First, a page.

By Cierra Putman
Even though they're seeing fewer donations, one shelter says the economic stresses mean they can't afford to take a holiday.
Last year in Texas, 136 women were killed by an abusive partner and according to local shelters the number of those being abused doesn't show any signs of slowing.
"We're busy," Tonya Eckert, Director of Counseling and Advocacy, said. "We're much more busy than in the past."
Every day thousands of West Texas families are torn a part by violence.
"We have really seen an increase, especially in the number of hotline calls we've received," Development Director Nancy Betts, said. "There's a real outcry at this time for these services."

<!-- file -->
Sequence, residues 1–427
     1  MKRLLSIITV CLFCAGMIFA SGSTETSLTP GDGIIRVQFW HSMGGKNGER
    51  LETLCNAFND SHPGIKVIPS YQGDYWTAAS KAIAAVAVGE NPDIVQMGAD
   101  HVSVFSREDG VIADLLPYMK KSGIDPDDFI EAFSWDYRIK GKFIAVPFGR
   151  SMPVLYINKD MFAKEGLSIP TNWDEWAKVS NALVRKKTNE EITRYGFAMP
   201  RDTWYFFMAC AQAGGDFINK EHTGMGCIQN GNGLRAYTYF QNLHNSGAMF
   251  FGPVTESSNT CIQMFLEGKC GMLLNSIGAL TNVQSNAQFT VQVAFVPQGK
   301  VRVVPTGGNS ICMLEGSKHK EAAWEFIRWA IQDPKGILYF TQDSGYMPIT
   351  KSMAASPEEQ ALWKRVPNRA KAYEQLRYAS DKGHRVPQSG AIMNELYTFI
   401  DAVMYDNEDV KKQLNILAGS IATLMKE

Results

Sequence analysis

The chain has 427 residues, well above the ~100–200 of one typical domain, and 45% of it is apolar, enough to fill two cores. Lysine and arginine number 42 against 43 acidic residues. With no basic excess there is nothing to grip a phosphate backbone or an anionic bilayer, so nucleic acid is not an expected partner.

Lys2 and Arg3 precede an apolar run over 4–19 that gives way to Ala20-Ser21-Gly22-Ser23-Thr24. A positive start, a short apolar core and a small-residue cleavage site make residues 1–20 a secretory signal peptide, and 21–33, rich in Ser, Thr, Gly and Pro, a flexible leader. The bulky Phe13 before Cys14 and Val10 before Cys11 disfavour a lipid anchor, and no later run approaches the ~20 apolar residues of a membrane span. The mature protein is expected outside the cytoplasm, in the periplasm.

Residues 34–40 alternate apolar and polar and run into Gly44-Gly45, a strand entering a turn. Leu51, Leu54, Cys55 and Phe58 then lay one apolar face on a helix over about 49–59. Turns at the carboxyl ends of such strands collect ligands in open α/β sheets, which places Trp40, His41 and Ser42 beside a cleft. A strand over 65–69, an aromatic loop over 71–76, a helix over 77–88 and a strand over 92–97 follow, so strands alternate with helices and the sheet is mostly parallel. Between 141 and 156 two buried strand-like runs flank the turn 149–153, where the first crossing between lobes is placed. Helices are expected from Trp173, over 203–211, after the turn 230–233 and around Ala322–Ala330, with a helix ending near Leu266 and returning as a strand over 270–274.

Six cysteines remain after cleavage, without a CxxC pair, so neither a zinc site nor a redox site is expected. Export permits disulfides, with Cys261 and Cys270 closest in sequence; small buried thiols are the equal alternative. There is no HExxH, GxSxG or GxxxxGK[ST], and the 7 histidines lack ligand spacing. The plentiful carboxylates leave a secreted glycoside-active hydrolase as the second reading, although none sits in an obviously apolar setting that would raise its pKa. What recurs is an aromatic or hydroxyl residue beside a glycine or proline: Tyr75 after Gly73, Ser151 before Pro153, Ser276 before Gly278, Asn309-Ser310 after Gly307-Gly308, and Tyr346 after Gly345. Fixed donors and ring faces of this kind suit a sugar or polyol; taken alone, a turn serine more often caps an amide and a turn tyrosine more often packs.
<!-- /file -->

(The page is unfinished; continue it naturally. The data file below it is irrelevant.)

Safe Place helps thousands of men, women, and their children across 15 West Texas counties leave abusive households.
They say there are several factors driving up recent family violence cases.
"The economy has had an affect I think on the stability of families," Betts said. "And I think there's a time when people really need help and this is one of those times. I also think awareness makes a big difference."
Safe Place's hotline is one way the organization helps the abused and it's currently on track to receive nearly twice the number of calls as last year.
"Every woman in an abusive relationship feels fear, so they're not alone," Betts said. "The first thing you do is make a call and know that it's a process, walking out the door the first step may just get you started on that road. If it takes more than one time, that's OK, because we are here every time you need us."
Safe Place isn't just reaching out to the abused, they're also trying to reform abusers.
"You know it's a big problem," Betts said, "but we feel like we're making a change for families. One family at a time, we are ending domestic violence in the Permian Basin."